OUR VIEW: Restorative Justice could ease court backlogs

There is a backlog of cases in British Columbia's courts and a restorative justice forum could ease the burden.

There is a backlog of cases in British Columbia’s courts.

According to reports, there were 56 cases thrown out thanks delays in 2010 and 109 in 2011 and much of the same is predicted for 2012.

The provincial government announced in February that there would be nine new judges appointed to help alleviate the pressure but there are some in the legal profession who doubt that will help the large number of cases which are close to reaching expiration in the courts.

But there is something that can aid the provincial courts – a restorative justice forum, which the Boundary Restorative Justice Program and a number community organizations, including local RCMP, are involved in.

Based on the healing circle that First Nations use, it involves an offender and victims coming together for a face-to-face forum where everyone involved has a say and restitution is decided on.

There are case files which the RCMP won’t recommend for a restorative justice forum and the offenders must admit that they did something wrong and seek to make amends but the forum could be a good alternative for a number of other reasons, besides alleviating the crowded courts.

Those familiar with the restorative justice forum say that it is often more difficult for offenders to face accusers in an intimate setting as they have to address the victims personally.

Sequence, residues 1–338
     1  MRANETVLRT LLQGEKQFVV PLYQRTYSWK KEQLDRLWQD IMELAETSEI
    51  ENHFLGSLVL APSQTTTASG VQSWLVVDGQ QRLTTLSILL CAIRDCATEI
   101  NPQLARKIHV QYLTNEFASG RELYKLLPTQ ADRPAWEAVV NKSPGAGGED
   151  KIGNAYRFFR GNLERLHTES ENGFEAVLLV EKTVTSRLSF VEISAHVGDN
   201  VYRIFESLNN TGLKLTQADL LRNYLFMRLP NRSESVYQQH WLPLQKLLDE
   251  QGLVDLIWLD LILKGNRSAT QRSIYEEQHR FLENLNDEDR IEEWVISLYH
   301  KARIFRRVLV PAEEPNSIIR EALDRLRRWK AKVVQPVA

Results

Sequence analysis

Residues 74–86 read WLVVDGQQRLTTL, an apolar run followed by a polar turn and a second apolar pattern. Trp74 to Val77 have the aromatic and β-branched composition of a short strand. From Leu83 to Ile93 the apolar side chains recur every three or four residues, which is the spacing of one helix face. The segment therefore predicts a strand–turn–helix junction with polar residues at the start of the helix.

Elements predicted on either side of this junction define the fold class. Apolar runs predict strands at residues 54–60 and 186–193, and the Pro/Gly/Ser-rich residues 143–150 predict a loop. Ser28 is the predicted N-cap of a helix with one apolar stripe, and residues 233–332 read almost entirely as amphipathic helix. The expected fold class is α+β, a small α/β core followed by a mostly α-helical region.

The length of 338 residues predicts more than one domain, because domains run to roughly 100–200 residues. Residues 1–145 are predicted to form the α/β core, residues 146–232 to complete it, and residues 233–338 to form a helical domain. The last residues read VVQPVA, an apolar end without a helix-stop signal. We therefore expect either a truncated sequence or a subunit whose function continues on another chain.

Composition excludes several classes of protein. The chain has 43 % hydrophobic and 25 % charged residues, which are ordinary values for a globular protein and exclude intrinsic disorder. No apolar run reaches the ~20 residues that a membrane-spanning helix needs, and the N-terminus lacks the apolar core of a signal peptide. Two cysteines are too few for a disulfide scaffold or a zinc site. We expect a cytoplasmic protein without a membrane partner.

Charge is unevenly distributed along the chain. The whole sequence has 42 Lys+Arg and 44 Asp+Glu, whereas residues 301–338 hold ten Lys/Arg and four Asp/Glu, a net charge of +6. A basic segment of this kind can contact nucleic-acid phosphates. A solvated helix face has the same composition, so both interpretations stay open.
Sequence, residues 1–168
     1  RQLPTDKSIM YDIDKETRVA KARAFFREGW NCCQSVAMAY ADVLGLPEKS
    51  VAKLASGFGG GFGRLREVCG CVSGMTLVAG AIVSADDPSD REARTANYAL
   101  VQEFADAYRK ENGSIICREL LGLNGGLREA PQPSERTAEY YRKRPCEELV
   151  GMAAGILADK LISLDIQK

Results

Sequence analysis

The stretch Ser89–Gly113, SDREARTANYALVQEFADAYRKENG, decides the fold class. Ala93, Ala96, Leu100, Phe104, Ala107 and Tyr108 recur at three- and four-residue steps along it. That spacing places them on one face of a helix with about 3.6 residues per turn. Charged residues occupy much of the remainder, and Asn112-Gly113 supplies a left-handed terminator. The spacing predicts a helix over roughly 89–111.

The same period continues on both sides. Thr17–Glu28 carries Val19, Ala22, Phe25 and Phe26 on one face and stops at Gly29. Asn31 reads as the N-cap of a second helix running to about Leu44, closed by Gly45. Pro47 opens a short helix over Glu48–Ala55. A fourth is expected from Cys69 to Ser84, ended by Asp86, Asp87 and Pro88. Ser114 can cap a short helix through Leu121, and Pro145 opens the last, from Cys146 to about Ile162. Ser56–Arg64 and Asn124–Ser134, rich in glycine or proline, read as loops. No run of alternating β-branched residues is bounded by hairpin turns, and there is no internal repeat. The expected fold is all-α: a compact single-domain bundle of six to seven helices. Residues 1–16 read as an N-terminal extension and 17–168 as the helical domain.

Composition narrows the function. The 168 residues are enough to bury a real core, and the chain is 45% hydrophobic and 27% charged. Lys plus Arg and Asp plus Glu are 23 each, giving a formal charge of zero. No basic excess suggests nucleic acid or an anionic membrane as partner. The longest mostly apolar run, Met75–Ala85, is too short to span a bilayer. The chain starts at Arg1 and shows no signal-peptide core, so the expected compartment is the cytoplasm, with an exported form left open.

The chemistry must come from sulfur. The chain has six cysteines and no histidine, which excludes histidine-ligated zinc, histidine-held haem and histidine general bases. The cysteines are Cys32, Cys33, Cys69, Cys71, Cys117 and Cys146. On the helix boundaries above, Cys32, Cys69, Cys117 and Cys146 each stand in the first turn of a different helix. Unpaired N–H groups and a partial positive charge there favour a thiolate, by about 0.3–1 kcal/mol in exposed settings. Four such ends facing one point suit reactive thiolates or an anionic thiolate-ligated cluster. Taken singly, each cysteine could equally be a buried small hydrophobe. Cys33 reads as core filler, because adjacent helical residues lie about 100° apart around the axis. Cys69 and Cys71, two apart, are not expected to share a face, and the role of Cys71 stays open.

Hearing first hand from the victim in that setting could put the offender on the spot and could cause the offender to feel more shame – it can be difficult looking the victim right in their eye.

Some say that the forum could be applied to a number of different situations where someone was harmed but it is often used for first-time offenders.

While some cases are fit for trial, some of the cases involving lesser offences could use the forum and even having cases of less severity off the court docket will mean less of a logjam.

A similar type of forum was used in a case involving former Midway mill owners Fox Forest Products, who disturbed a riparian area near the Kettle River.

Fox Forest Products took responsibility and donated money to the Granby Wilderness Committee to repair the damage, in a process those involved referred to as “quick.”

Taking Fox Forest Products to court would’ve taken longer and would’ve added yet another case to the already overflowing court system.

– Grand Forks Gazette